Friday, March 29, 2013

Training Wheels: Part 1

So I just finished riding my road bicycle to the office. It's a short ride, only about 3.5 km (a little over 2 miles), but it's uphill. Most of the way. Actually, it's up a mountain. Here's a map of the general route:
(I'll post some riding statistics later.)

See that tiny white building on that mountain? That's about the halfway point, in terms of difficulty. The hill climbing can get a little tiresome, but the overall route isn't too bad, especially when I'm zipping along on my road bike. One problem: I didn't wear my cycling shoes. I wore these puppies.
Pumas ≠ cycling shoes
So here I am, in semi-full cycling gear. I've got the nice compression shorts that hug the curves on my bum, as well as a nice, light cycling jacket with rear pockets, and a helmet that says, I'm ready to race. But the shoes...oh, the shoes. You see, my bike has LOOK clip-in pedals, not some cheap pedal you'd use with street shoes. Instead, I'm defiling the purpose of the pedals by balancing the flat sole of my Pumas on them as I surge up the mountain.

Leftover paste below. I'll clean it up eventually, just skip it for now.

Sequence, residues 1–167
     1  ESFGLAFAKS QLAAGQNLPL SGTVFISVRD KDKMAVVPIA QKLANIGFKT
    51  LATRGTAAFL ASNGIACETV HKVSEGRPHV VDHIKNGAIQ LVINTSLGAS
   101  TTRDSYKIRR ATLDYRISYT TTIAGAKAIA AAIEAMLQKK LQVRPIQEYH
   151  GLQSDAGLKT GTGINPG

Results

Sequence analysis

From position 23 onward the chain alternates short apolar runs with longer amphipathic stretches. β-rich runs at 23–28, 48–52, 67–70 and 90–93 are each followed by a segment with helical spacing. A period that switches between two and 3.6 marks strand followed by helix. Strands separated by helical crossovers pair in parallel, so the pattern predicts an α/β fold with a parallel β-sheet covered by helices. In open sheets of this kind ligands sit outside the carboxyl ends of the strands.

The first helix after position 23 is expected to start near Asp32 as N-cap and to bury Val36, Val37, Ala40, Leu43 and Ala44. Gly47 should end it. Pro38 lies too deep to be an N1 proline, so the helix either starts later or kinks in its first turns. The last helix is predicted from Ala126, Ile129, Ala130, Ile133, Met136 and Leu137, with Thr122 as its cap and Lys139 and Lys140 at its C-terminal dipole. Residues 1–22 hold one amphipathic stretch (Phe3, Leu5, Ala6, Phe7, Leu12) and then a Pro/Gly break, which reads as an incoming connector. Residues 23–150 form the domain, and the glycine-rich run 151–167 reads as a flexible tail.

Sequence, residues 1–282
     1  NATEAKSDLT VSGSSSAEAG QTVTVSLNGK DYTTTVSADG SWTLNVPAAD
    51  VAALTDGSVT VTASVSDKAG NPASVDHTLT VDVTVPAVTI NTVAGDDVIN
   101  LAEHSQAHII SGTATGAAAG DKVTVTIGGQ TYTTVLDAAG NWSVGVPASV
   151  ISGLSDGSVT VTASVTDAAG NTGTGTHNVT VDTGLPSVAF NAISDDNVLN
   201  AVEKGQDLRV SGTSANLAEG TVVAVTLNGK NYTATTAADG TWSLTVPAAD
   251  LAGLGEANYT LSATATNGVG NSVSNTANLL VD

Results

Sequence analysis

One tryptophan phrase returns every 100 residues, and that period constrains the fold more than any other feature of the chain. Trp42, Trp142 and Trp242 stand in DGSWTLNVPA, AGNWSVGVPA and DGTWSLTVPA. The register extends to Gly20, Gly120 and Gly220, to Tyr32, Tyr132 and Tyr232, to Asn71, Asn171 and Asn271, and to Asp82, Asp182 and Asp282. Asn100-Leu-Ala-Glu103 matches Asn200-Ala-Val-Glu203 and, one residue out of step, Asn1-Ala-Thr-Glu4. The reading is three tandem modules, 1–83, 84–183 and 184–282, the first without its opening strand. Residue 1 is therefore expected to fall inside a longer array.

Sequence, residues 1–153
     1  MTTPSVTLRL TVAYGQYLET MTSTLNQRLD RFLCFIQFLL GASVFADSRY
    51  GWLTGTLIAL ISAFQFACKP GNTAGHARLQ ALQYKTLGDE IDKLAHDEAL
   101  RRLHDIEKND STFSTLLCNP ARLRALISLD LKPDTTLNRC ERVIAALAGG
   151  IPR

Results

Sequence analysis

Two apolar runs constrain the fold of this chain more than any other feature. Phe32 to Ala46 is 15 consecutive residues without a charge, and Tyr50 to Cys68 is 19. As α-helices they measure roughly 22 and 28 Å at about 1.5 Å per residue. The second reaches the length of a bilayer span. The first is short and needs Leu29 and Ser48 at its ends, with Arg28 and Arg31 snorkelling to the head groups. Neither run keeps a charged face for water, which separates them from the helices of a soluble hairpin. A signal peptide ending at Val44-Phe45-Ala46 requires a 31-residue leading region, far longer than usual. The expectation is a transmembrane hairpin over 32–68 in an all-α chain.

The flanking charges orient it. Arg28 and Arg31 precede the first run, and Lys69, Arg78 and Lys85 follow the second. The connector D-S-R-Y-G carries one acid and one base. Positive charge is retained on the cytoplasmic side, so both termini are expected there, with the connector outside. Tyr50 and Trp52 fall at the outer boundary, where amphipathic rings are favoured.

Why would I do something so ridiculous? Especially since I have these beautiful Sidi shoes.

Beautiful, aren't they?

The problem is: I'm scared. I don't know how to use them properly. I have a semi-rational fear of pedaling uphill on the road, only to not have enough momentum to keep in motion and not being able to clip out of the pedals before coming to a stop. I don't want to fall in the middle of a road with cars going by!

I've had these shoes for over 6 months now, but I haven't taken enough time to practice with them. Well, I tried doing that today. Today was my first day riding to the office this season, so I wanted to give it a shot with my Sidi shoes. I decided to do some practice riding, much like what you'd do with your dad when you're getting off of training wheels for the first time. You look like a complete fool, but everyone understands that it's a necessary process to get you comfortable riding. Unless you're 29. And riding a professional bike. With professional-looking gear. They expect you to be a man, not some sissy with scraped knees because you don't know how to stop properly. Well, I tried to overcome that. And I did a pretty good job. I did some laps around the parking lot nearby, practicing clipping in and out with simulated stressful situations. I didn't fall. Yippee.